Everyone knows that health care costs in the U.S. are rising. An index introduced Thursday puts that rise into grim perspective.
HealthView Services’ new Retirement Health Care Cost Index shows that middle-class Americans are approaching the day when they will have to use their entire Social Security benefit to pay for their health care.
The index may serve as a useful tool for financial planners working with clients who are approaching retirement.
It measures the percentage of Social Security benefits required to pay for health care-related costs in retirement for a healthy couple receiving the average expected Social Security benefit at full retirement age.
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Total retirement health care costs measured by the index include all Medicare premiums, including Parts B and D, Medigap premiums, as well as co-pays not covered by Medicare.
Those costs will increase from 69% of Social Security benefits for a couple retiring in one year to 98% of benefits for a healthy couple retiring in 10 years.
Couples retiring in 20 years will need 127% of their Social Security benefits to cover health care costs, and those retiring in 32 years will need 190%.
Translated into today’s dollars, that means an average healthy couple retiring in 2015 will face healthcare costs of approximately $366,599, according HealthView Services data.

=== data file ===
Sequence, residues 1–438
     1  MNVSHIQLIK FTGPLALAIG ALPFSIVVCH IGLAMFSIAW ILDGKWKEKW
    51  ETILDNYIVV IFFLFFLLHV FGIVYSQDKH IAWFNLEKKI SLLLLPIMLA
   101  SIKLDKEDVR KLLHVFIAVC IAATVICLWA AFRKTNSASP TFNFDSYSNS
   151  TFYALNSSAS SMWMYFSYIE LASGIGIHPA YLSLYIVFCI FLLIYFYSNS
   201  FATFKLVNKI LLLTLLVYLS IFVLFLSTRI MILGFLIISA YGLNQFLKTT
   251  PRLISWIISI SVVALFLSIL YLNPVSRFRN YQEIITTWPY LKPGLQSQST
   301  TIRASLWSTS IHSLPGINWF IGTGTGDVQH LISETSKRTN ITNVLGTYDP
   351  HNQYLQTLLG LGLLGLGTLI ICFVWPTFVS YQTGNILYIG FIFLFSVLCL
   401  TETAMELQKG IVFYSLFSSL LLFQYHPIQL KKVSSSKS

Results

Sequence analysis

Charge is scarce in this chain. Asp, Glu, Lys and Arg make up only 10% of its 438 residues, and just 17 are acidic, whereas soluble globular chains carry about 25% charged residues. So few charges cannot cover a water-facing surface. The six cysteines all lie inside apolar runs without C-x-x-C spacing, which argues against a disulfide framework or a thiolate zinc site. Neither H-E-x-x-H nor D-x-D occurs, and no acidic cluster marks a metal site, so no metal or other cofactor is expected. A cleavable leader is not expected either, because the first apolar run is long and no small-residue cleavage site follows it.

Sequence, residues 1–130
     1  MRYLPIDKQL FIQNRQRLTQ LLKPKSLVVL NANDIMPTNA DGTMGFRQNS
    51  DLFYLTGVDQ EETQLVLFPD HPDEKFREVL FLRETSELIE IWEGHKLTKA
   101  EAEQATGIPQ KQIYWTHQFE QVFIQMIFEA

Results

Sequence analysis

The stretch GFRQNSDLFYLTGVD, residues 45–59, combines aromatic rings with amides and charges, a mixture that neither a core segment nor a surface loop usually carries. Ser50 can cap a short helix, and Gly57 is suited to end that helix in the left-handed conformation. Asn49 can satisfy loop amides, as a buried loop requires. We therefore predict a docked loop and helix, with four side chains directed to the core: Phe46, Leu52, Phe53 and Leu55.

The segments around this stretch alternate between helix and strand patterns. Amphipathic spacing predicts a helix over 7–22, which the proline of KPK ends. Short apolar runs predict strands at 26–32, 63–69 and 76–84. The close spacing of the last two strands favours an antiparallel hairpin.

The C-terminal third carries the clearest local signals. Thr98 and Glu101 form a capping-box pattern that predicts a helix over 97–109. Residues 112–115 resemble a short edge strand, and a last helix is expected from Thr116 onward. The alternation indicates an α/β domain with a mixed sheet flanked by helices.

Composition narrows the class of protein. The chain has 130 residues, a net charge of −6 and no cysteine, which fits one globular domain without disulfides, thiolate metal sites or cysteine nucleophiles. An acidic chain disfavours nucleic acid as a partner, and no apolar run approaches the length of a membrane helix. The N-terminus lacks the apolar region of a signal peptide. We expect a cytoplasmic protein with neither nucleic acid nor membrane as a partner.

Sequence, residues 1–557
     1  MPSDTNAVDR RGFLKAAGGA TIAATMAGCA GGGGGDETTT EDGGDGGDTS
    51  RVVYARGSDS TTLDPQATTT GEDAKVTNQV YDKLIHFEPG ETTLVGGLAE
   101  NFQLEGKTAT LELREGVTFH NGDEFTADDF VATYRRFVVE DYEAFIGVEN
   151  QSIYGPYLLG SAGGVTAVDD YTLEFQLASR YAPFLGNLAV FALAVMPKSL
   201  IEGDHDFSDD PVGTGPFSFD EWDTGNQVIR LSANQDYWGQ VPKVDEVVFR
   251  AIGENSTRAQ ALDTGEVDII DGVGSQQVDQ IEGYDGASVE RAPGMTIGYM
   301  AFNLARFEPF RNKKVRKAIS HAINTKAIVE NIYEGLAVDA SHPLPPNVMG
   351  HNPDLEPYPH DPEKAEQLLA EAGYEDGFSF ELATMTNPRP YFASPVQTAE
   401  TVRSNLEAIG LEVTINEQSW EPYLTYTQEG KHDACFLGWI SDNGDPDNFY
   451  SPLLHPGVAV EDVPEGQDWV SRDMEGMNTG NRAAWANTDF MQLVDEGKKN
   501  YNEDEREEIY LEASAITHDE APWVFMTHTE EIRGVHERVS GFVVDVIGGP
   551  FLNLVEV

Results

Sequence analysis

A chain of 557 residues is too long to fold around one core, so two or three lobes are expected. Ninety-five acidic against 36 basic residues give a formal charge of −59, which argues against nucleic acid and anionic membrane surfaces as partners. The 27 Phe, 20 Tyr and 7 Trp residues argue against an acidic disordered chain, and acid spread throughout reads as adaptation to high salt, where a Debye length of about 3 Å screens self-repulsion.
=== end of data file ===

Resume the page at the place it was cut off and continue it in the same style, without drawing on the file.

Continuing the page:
In another 10 years, those costs will rise to approximately $421,083 in today’s dollars, reflecting estimated health care cost inflation and Social Security cost-of-living adjustments.
As a result, HealthView Services said in a statement, many Americans will have to earmark their Social Security benefits to pay for health care, and rely on other assets and sources of income to pay for living expenses in retirement, such as housing, transportation, travel, taxes and food.
“The index reveals an ugly truth that will come as a shock to many,” Ron Mastrogiovanni, founder and chief executive of HealthView Services, said in the statement.
“Many Americans believe that Medicare will cover most or all of their health care costs in retirement. This is simply untrue.”